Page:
Osama Khaled Dueij, 31, died on Wednesday to wounds he sustained when Israeli snipers shot him in the leg.
Israeli forces injured more than 40 Palestinians, including at least 24 children, during protests that day.
Dueij was a member of the Qassam Brigades, the armed wing of Hamas.
His picture circulated through local media after his death.
Egypt responded to Saturday’s protests by deciding to step up its assistance to Israel in collectively punishing the entire population in Gaza.
As of Monday, Egyptian authorities indefinitely shuttered the Rafah crossing, the Gaza Strip’s only passenger link to the outside world not directly controlled by Israel.
The Salah al-Din gate, through which Egypt allows limited goods to enter Gaza, is closed as well.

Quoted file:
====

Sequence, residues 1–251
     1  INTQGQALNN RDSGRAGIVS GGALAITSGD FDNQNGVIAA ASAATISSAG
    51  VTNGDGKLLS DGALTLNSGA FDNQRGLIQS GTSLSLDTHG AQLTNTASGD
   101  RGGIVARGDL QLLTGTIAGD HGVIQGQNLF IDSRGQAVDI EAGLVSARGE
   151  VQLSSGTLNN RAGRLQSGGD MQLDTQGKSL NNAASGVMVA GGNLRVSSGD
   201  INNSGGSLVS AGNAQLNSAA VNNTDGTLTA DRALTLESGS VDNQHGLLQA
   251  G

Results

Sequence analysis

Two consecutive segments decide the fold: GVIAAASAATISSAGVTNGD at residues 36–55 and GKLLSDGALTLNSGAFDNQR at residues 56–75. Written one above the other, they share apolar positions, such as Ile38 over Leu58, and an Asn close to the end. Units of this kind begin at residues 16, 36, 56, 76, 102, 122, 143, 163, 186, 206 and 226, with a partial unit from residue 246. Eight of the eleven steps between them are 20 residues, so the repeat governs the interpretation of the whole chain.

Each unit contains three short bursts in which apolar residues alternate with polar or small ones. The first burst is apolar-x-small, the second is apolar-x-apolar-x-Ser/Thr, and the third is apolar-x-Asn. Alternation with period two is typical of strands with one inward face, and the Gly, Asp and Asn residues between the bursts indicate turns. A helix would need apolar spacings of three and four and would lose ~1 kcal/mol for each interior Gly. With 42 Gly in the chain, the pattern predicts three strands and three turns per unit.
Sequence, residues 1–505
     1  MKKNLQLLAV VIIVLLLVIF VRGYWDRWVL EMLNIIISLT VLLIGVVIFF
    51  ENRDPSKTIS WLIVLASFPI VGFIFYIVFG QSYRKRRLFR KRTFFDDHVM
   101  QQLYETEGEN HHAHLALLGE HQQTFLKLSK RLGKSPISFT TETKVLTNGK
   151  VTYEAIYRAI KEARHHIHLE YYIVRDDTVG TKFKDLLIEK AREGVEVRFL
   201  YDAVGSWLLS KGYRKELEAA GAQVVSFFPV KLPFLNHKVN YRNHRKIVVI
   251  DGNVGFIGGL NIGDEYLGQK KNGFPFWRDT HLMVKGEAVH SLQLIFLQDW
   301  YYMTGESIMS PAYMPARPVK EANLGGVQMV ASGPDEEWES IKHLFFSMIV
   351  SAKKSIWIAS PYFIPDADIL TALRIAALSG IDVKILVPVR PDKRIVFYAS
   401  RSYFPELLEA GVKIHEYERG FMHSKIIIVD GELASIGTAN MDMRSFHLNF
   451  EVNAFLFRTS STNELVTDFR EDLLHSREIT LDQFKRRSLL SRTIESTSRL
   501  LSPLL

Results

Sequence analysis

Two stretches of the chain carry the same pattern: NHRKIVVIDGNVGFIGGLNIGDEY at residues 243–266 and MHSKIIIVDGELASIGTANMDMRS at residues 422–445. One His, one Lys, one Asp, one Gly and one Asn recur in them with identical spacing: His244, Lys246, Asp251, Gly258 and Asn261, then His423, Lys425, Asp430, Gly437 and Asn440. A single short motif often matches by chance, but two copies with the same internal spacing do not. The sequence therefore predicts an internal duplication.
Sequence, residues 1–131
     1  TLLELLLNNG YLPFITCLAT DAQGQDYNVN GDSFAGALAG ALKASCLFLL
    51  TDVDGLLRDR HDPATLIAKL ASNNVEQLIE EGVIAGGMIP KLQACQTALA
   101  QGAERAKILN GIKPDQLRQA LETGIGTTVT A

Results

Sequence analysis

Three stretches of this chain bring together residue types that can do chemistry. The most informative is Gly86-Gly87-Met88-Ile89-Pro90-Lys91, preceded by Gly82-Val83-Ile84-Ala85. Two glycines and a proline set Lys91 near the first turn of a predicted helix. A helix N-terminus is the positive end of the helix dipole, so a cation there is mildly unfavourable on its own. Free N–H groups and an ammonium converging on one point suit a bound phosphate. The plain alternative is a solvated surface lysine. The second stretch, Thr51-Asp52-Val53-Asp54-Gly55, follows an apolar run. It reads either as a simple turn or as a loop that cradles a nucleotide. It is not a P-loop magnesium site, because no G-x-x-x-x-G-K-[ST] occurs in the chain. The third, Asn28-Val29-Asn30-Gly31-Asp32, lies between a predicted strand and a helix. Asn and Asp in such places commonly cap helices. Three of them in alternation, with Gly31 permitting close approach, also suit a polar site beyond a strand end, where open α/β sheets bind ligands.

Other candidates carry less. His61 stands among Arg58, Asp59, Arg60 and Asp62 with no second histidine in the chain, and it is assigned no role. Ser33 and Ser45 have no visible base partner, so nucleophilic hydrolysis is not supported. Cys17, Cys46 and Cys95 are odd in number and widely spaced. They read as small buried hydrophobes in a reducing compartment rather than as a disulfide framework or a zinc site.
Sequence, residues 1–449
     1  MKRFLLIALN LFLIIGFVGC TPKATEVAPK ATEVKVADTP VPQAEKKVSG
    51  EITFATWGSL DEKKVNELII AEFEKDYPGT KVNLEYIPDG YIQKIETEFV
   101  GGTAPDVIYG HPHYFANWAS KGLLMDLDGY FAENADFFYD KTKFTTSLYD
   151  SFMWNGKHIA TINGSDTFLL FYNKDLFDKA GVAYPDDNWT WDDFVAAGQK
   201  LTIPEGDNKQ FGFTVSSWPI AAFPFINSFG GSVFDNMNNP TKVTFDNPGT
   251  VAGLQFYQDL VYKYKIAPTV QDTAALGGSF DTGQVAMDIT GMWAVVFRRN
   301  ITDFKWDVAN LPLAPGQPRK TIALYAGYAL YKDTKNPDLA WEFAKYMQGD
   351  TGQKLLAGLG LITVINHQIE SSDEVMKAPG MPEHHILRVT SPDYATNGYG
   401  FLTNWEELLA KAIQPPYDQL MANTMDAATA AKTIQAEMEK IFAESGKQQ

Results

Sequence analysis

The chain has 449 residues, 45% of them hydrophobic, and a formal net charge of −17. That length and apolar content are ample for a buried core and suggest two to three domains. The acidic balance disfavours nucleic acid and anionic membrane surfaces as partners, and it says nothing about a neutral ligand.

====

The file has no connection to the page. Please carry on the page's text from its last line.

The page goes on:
Due to the current closure, hundreds of Palestinians are now stuck in Egypt, with some in dire circumstances because they lack the funds to find accommodation until the border reopens, the Palestinian Human Rights Organizations Council stated.
Thousands of other Palestinians who are currently visiting family in Gaza, are now unable to leave and resume their study or work activities abroad. Among those trapped in Gaza due to the closure of Rafah are medical patients referred for treatment outside the territory.
The Israeli army destroyed Gaza’s airport during the second intifada and bars Palestinians in the coastal enclave from building a port.
Except for Rafah, Israel controls every entry and exit point with Gaza, but in recent years, the US-backed, Israel-allied Egyptian military regime has taken extreme measures to reinforce Israel’s siege of Gaza, including the mass demolition of thousands of Egyptian family homes along the border.